NICOLE VISITS AN AMISH FARM by Merle Good

NICOLE VISITS AN AMISH FARM

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KIRKUS REVIEW

Nicole is a black city child whose Fresh-Air Fund visit to an Amish farm involves her in the everyday activities of Charity, a friendly hostess and one of the family's several children. In the brief text and candid-looking photos, we see the two girls pumping water for the family wash, picking vegetables from the family garden (another garden, the ""truck patch,"" is for selling), helping to load bales of hay on the wagon, canning peaches with an aunt, riding in an uncle's buggy, playing with the farm animals, and participating in the family's nightly Bible reading. Though Nicole's parents have warned her that there will be few cars and no TV, Nicole decides early on to go home, removing an Amish-style dress made just for her by Charity's mother. (She missed her mother, daddy and sister--""But more than anything she missed television."") Wisely, Charity's mother suggests a letter home instead, and, to the family's credit, subsequent photos show Nicole back in her shorts and camisole. There's no hint in this photo-visit of why the Amish live as they do. (Only a small-print, abstractly worded, two-page appendix attempts a general description of their customs and values.) However, as a first look at the way of life, this is helped by Nicole's presence--which can serve as an entry for other non-Amish children, as well as an example of cultural exchange.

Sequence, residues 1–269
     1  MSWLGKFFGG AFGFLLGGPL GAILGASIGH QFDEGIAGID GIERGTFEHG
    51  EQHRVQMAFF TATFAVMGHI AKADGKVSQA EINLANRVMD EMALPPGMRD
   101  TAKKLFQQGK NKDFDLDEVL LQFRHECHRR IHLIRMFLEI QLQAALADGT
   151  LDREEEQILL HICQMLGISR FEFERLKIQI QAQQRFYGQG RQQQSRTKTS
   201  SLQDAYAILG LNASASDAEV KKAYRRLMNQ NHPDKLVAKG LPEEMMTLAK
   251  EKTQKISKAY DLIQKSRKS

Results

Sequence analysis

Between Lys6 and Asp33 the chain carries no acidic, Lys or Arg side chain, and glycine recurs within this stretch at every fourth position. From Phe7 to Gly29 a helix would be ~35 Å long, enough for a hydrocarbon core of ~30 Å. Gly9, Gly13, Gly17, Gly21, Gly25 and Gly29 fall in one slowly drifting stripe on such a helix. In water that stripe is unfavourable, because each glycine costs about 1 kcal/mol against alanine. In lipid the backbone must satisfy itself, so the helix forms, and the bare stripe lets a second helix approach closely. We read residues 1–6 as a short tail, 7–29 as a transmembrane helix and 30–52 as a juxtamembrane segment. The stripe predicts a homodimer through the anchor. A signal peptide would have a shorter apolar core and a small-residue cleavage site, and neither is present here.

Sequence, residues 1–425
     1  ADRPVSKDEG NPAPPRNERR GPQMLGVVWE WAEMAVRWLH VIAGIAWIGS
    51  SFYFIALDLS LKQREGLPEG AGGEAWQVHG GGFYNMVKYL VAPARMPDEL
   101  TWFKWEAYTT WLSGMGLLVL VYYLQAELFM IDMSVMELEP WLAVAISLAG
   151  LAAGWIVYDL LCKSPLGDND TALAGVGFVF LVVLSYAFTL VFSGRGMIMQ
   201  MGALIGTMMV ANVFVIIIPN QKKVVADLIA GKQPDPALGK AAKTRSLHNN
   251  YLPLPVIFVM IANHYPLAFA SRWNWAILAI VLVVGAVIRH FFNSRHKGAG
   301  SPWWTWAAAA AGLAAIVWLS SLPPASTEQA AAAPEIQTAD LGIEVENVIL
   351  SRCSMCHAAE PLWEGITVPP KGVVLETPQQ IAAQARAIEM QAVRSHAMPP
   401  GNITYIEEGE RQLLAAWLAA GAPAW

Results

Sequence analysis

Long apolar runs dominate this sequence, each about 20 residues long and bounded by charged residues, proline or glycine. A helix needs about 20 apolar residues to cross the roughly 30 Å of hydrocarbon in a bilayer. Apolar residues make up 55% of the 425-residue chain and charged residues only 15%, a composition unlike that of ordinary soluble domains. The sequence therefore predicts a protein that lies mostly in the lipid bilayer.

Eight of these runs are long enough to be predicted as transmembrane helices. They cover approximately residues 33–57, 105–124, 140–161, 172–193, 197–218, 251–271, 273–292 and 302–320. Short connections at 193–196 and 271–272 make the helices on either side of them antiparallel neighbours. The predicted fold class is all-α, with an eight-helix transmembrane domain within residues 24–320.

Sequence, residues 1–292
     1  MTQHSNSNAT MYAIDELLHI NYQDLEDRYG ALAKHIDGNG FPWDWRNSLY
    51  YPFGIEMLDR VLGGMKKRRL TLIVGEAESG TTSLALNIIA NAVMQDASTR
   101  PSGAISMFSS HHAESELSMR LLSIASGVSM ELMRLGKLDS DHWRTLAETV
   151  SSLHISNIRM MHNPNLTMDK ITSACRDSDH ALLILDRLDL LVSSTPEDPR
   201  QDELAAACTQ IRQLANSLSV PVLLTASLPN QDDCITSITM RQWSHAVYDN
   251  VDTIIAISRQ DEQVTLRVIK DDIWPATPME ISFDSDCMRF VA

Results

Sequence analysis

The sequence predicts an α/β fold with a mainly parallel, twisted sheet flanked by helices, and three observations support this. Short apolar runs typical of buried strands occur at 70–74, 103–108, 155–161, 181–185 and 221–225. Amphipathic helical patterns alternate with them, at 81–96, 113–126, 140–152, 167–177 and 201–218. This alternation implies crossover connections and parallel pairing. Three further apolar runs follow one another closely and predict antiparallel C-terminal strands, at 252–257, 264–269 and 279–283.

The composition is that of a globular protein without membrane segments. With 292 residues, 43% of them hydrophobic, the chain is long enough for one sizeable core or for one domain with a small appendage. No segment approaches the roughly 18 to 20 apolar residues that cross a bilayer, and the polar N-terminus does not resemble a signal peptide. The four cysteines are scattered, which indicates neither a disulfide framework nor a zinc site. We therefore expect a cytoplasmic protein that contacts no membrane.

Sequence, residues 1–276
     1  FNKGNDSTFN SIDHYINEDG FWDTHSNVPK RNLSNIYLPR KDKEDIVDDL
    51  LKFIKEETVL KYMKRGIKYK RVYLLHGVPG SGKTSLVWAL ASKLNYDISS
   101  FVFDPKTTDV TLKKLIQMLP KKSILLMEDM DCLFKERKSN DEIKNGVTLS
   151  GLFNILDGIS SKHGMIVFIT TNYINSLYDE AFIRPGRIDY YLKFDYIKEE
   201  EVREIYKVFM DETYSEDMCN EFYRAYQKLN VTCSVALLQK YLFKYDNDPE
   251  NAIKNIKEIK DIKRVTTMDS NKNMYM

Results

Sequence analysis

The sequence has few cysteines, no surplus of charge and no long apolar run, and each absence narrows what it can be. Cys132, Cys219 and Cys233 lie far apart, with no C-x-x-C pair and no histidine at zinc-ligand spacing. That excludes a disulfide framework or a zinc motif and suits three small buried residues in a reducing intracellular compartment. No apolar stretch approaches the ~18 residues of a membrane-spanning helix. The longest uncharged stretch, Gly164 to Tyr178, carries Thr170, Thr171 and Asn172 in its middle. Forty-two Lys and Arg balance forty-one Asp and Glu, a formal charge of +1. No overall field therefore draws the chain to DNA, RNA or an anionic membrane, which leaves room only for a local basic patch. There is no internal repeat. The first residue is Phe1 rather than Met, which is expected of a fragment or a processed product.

Pub Date: July 15th, 1982
Publisher: Walker